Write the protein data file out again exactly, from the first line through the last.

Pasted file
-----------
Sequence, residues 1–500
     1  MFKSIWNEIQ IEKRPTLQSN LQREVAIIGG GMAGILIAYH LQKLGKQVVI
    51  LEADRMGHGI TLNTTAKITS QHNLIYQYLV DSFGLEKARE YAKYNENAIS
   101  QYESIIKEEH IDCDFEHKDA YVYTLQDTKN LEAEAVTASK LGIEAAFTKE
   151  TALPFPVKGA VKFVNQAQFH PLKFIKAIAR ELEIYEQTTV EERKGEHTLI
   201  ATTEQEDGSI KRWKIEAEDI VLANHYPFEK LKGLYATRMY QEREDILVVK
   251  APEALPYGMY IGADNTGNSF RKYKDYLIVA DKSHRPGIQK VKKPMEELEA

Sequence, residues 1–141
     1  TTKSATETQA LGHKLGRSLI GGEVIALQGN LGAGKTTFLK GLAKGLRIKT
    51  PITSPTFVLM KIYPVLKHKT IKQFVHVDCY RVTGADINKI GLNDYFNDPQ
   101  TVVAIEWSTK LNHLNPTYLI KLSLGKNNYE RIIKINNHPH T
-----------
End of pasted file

Sequence, residues 1–500
     1  MFKSIWNEIQ IEKRPTLQSN LQREVAIIGG GMAGILIAYH LQKLGKQVVI
    51  LEADRMGHGI TLNTTAKITS QHNLIYQYLV DSFGLEKARE YAKYNENAIS
   101  QYESIIKEEH IDCDFEHKDA YVYTLQDTKN LEAEAVTASK LGIEAAFTKE
   151  TALPFPVKGA VKFVNQAQFH PLKFIKAIAR ELEIYEQTTV EERKGEHTLI
   201  ATTEQEDGSI KRWKIEAEDI VLANHYPFEK LKGLYATRMY QEREDILVVK
   251  APEALPYGMY IGADNTGNSF RKYKDYLIVA DKSHRPGIQK VKKPMEELEA

Sequence, residues 1–141
     1  TTKSATETQA LGHKLGRSLI GGEVIALQGN LGAGKTTFLK GLAKGLRIKT
    51  PITSPTFVLM KIYPVLKHKT IKQFVHVDCY RVTGADINKI GLNDYFNDPQ
   101  TVVAIEWSTK LNHLNPTYLI KLSLGKNNYE RIIKINNHPH T